The No. 2 brewer wants to impose a model under which a greater portion of agency compensation is determined by how much of a shop's work is used, according to executives familiar with the plan. The change is part of ongoing contract talks.
The unit of London-based SAB Miller currently pays agencies a retainer. Agencies have the opportunity to earn bonuses for superior work and can increase revenue by taking on more work, such as new products. But a contract proposal calls for lowering the retainer and paying bonuses to agencies if they win assignments. Losing agencies would be paid a smaller fee for participating in pitches.
The change presents risks for the agencies. An agency that consistently wins jump balls could make more money, but others stand to pocket less. Compensation would also become less predictable for all.
More bang for buck
Miller has four roster agencies for its "trademark" brands, Miller Lite and Miller Genuine Draft. They are: Interpublic Group of Cos.' Martin Agency, Richmond, Va.; WPP Group's Y&R, Chicago, and Ogilvy & Mather, New York; and independent Wieden & Kennedy, Portland, Ore.
Martin, Y&R and Ogilvy referred calls to the client. Wieden declined to comment. Miller declined to comment.
The shift illustrates how marketers increasingly use incentive pay to reward agencies as they seek more bang for their marketing buck. In a survey last year by the Association of National Advertisers and search consultant David Beals, 38% of respondents used performance incentives in paying agencies. That's double what it was 10 years earlier. Fully 52% of package-goods companies used incentive pay.
But while Miller wants to pay agencies for the best work, the model could backfire, said Bill Nicholson, a former exec VP at the 4A's who now consults for agencies on compensation. Agencies might start "selling against the idea of what the client will buy" instead of what will move product, he said.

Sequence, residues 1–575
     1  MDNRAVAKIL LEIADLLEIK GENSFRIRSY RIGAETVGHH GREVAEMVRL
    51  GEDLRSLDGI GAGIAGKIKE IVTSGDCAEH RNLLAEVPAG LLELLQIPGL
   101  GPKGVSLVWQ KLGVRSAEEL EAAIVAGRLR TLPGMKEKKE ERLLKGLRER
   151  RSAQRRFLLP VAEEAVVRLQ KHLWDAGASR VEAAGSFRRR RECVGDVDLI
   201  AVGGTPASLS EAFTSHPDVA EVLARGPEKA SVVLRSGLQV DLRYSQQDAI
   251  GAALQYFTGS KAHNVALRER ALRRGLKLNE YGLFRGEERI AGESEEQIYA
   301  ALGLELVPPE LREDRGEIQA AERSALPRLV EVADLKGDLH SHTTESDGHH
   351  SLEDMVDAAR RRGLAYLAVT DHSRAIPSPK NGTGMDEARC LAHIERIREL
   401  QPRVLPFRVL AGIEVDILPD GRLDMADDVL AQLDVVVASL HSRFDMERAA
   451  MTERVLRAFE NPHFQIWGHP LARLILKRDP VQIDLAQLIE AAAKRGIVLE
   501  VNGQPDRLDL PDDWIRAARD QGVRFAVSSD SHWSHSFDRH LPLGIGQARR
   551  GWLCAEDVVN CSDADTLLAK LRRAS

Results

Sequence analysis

Similar to A-B
Miller's plan is similar to how rival brewer Anheuser-Busch pays its agencies. Miller already imitates A-B by using multiple agencies for brands. For Budweiser, A-B uses Omnicom Group's DDB Worldwide, Chicago; Goodby Silverstein & Partners, San Francisco; and others.
A-B pays agencies 70% of its compensation pie as base compensation, David Winking, director-global advertising production, said at an Association of National Advertisers' conference earlier this year. The remaining 30% is in a "flex pool" that rewards agencies that sell the most work.
Changing the compensation model continues the evolution of Miller's relationship with its agencies since SAB acquired the brewer. Last year, Miller took strategic planning in-house and beefed up its market research staff. In an effort to get the best creative input, the brewer held competitions for assignments.
So far the effort appears to have paid off. The work is generally seen as the brewer's freshest in years. Distributors are enthusiastic. And observers credit the "Good Call" campaign, which positions Miller Lite and Genuine Draft as better-tasting alternatives, as partly responsible for improved performance of the brands.
contributing: bradley johnson